Autodesk is joining the ODA (Open Design Alliance) in an effort to fast track improvements with its IFC support and interoperability for Autodesk AEC products in general. By becoming a member of the ODA, the non-profit technology consortium gains a major industry supporter which will continue its mission to provide access to design file formats across both AEC, MCAD, and other CAD-based industries.
In Autodesk’s Words
Amy Bunszel of Autodesk writes, “This decision demonstrates our commitment to take meaningful steps towards improving our customers’ experience in the AEC space.”
Continuing, “In one of my recent posts responding to some of the constructive criticism we’ve received from our architecture customers, we promised to do a better job of listening to our customers, engage in an open dialogue, and do better where we’ve fallen short. One of the areas highlighted was progress with our products on international data exchange standards, specifically the need to better support IFC, an open file format increasingly used by our AEC customers. With Autodesk’s membership in the ODA, we will accelerate our progress toward supporting this need. Those of you who know the history between Autodesk and the ODA will understand the importance we put on getting this functionality to our customers at an accelerated pace.”
The IFC (Industry Foundation Classes) file format is an open industry standard for the interoperability of data in the AEC industry and has long been supported and championed by nearly every single major AEC industry software provider, along with the buildingSMART organization for international standards in buildings and infrastructure.
Our additional investments in adherence to IFC will address bottlenecks for data exchange between Autodesk and non-Autodesk products.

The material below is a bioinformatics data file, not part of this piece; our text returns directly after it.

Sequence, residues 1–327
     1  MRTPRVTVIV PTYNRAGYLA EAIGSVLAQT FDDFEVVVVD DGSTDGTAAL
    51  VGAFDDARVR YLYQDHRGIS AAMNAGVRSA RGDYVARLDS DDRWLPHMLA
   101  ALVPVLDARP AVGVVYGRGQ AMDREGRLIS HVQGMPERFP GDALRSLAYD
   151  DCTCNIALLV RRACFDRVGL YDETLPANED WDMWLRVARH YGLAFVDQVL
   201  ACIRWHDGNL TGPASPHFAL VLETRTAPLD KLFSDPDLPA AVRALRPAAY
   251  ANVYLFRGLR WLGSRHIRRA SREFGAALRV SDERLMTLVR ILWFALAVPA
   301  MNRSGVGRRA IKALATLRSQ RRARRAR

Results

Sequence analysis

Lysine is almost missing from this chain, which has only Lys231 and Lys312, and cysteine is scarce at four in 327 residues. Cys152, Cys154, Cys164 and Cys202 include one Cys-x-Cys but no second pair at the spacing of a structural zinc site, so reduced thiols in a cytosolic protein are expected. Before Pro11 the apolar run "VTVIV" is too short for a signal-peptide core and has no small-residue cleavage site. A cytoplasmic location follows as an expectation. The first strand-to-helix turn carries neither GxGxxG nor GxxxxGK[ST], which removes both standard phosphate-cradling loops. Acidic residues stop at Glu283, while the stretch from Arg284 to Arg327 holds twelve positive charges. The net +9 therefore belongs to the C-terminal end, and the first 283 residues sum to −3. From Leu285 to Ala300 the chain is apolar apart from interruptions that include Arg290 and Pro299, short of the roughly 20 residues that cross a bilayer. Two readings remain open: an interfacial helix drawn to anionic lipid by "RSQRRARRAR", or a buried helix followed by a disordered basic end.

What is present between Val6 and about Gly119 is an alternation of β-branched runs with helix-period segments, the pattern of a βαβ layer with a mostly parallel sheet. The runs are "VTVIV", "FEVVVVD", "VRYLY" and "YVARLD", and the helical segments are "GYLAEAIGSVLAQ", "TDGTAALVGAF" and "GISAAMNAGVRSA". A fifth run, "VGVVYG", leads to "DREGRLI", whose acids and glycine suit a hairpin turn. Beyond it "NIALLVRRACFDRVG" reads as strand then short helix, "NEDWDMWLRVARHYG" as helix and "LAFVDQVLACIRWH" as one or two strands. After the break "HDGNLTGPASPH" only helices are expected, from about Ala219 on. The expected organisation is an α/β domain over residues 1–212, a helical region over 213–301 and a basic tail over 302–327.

“ODA’s IFC toolkit provides complete and flexible IFC interoperability for any desktop or web-based application,” writes Bunszel. “The toolkit, along with ODA’s commitment to supporting new IFC standards, means we can readily integrate new versions as they become ratified, ensuring more consistent data flow and a faster, more streamlined experience.”
“ODA welcomes Autodesk as its newest member,” said Neil Peterson, ODA President. “Our tools will allow Autodesk to provide long-term support for IFC, and we look forward to working closely together to ensure the highest standards of quality are maintained.”
“We know our customers use a variety of tools to achieve their goals,” writes Bunszel. “Our additional investments in adherence to IFC will address bottlenecks for data exchange between Autodesk and non-Autodesk products.”
Continuing on, “We are committed to creating an environment where collaboration is efficient and seamless, and, looking ahead, envision a future that frees our customers from exchanging cumbersome files and embraces workflows that transfer just the data needed to achieve the desired outcome. In this future, new forms of collaboration and new ways of creating value are the norm and will extend the value of design data further downstream.”
Bunszel writes that joining the ODA is just one step of many Autodesk is taking to continue fostering an open community and build strong partnerships across the industry. She writes:
“Customers can further this effort by joining the Autodesk product research community, which enables engagement with Autodesk development teams across all products and is open to everyone—whether or not you are an Autodesk customer. We hope you join and participate because your feedback is important to us. More importantly, we’re eager to shape the future of collaboration and interoperability with you.
Architosh Analysis and Commentary
This is a significant announcement for the whole AEC industry. Most importantly, it demonstrates very clearly that Autodesk is serious about addressing the needs of its most vocal customers in architecture who penned an open letter that has drawn dramatic attention to Revit’s ongoing development velocity. In addition, the introduction of the Autodesk product research community as an open channel for not just Autodesk customers but non-customer members of the AEC industry should also be noted.
The Open Design Alliance (ODA) has taken up the responsibility of unifying and strengthening IFC implementations in the AEC industry and this is coming at a time when the whole of AEC is going to start seeing the rapidly increased utilization of new ways of exchanging data via API connections between software solutions. IFC plus APIs are arguably the future of AEC interoperability within an ever-expanding sea of point solutions across both buildings and infrastructure.